"...the best argument is one that is made without words." ~ Ryan Russell
When Christians use the term "apologetics," often someone will ask, "What are you apologizing for?" or "What's that?" Apologetics comes from the Greek word "apologia," meaning "to give a defense."
This fits perfectly with 1 Peter 3:15 -- the Scripture in my sub-header -- which reads:
"But sanctify the Lord God in your hearts, and always be ready to give a defense to everyone who asks you a reason for the hope that is in you, with meekness and fear..."
The term apologetics etymologically derives from the Classical Greek word apologia. In the Classical Greek legal system two key technical terms were employed: the prosecution delivered the kategoria (κατηγορία), and the defendant replied with an apologia. To deliver an apologia meant making a formal speech or giving an explanation to reply and rebut the charges, as in the case of Socrates' defense.
This Classical Greek term appears in the Koine (i.e. common) Greek of the New Testament. The Apostle Paul employs the term apologia in his trial speech to Festus and Agrippa when he says "I make my defense" (Acts 26:2).
A cognate term appears in Paul's Letter to the Philippians as he is "defending the gospel" (Philippians 1:7 & 16), and in 1 Peter 3:15 believers must be ready to give an "answer" for their faith.....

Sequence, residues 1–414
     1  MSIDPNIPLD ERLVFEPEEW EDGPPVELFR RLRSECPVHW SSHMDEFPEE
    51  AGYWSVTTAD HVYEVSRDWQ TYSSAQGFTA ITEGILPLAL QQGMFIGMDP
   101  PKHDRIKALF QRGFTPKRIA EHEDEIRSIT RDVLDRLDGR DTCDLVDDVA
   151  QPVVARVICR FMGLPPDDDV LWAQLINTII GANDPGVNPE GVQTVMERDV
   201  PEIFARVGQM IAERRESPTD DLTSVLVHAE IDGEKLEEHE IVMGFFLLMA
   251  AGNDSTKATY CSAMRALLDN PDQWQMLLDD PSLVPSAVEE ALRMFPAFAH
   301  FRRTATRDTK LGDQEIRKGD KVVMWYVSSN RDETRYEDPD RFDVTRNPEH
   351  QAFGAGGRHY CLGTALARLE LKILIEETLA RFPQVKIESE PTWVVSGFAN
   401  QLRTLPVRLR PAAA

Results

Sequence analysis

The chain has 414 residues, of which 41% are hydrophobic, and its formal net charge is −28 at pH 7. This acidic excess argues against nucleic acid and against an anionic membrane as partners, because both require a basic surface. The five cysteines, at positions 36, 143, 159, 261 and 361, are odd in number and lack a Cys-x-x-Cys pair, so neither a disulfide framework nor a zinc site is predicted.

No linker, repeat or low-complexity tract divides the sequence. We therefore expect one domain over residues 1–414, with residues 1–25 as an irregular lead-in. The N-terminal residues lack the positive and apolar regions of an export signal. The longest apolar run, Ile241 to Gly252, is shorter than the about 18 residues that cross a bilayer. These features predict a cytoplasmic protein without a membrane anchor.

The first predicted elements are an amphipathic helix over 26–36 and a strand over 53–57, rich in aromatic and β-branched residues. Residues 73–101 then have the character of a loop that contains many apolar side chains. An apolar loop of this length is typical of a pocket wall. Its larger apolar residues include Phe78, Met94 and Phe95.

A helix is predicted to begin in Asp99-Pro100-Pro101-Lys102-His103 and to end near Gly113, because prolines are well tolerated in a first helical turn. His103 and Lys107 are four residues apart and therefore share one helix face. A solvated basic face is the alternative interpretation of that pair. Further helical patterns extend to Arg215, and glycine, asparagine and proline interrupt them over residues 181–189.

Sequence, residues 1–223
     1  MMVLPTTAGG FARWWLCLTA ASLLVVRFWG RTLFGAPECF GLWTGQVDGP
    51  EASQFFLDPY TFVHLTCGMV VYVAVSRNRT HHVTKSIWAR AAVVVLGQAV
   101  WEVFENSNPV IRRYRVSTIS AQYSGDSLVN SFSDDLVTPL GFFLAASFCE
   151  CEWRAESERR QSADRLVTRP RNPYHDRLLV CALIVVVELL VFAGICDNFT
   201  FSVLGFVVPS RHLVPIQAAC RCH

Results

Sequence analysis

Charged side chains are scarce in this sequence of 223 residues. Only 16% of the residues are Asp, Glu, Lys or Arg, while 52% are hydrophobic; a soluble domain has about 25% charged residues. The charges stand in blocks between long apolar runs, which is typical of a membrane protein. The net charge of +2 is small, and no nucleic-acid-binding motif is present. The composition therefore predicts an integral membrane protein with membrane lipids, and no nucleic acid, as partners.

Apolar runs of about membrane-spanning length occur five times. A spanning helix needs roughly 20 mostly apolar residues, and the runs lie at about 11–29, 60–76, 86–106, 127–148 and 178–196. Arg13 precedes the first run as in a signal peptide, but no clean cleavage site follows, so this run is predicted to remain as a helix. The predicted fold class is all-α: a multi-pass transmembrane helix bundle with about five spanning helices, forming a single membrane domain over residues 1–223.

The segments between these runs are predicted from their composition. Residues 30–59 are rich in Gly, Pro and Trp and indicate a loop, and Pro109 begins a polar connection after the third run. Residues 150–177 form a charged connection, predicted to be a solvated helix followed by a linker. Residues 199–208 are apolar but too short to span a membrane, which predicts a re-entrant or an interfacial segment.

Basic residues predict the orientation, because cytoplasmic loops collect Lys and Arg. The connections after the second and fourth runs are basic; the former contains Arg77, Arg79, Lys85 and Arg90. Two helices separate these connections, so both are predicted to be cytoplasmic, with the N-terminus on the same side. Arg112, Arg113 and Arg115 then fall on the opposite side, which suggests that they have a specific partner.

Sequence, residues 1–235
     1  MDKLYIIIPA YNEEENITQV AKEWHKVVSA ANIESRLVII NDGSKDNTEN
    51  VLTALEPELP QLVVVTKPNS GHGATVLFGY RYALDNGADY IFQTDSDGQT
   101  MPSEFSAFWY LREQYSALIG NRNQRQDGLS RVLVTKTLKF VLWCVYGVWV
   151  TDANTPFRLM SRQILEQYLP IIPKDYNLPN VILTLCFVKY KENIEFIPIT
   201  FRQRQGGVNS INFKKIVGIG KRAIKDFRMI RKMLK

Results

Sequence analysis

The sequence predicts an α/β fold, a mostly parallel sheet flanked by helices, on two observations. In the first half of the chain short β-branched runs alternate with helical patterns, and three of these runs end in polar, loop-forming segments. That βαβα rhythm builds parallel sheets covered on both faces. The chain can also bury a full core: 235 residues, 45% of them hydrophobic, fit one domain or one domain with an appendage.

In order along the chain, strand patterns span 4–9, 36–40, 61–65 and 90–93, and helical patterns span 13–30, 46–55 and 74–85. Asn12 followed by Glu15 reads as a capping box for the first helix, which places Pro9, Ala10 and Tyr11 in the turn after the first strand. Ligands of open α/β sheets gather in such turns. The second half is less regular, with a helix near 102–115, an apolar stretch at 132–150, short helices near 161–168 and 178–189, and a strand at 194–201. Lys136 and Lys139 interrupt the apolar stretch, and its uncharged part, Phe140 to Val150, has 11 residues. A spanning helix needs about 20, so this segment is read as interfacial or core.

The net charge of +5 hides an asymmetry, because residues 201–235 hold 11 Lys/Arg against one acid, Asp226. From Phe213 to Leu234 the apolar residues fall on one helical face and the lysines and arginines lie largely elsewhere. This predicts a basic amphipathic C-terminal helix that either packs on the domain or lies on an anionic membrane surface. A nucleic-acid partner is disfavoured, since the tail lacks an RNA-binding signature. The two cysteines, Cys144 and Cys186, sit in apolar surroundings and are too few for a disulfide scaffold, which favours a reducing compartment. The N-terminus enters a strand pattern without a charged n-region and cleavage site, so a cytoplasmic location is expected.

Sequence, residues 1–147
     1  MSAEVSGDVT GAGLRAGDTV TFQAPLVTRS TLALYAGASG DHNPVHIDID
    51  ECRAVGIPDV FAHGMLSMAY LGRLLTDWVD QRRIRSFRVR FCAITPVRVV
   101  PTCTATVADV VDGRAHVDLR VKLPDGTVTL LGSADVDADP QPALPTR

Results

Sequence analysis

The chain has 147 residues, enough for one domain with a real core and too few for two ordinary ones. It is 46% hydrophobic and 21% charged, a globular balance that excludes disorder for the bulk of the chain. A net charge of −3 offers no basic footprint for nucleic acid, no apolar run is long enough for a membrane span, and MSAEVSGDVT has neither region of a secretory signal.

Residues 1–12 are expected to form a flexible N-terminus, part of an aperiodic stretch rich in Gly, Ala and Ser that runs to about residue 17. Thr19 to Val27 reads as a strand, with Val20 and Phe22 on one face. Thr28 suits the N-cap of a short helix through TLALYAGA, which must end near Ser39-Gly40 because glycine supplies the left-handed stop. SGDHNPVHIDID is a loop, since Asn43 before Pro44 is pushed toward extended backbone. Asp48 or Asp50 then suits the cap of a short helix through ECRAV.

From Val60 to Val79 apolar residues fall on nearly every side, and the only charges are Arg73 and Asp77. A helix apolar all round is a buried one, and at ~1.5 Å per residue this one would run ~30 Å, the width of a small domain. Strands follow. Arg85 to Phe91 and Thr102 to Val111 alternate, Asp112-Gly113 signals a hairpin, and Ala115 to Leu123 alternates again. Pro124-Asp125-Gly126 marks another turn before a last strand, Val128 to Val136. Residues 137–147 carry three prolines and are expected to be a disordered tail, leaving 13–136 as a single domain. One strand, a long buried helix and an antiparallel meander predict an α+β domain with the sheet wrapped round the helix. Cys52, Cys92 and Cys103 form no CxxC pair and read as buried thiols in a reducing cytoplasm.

Christian apologetics is a field of Christian theology that presents a rational basis for the Christian faith, to defend the faith against objections and misrepresentation, and to expose error within other religions and world views..... Apologists base their defense of Christianity on historical and archaeological evidence, theological and philosophical arguments and scientific investigation... [although]... there are various types.Stephen T. Davis summed up the use of apologetics in this way:
"In truth, faith needs apologetics. It needs it both to answer both the negative arguments of the resurrection and to construct positive arguments in favor of it. Apologetics will not create faith, but perhaps, for some, it will pave the way for it or make it possible. What is destructive of genuine Christian faith, in my opinion, is not apologetics, but unfounded beliefs, unjustified commitments. Unsound arguments are irrational leaps of faith. It is the aim of apologetics to prevent Christian faith from amounting to anything like that."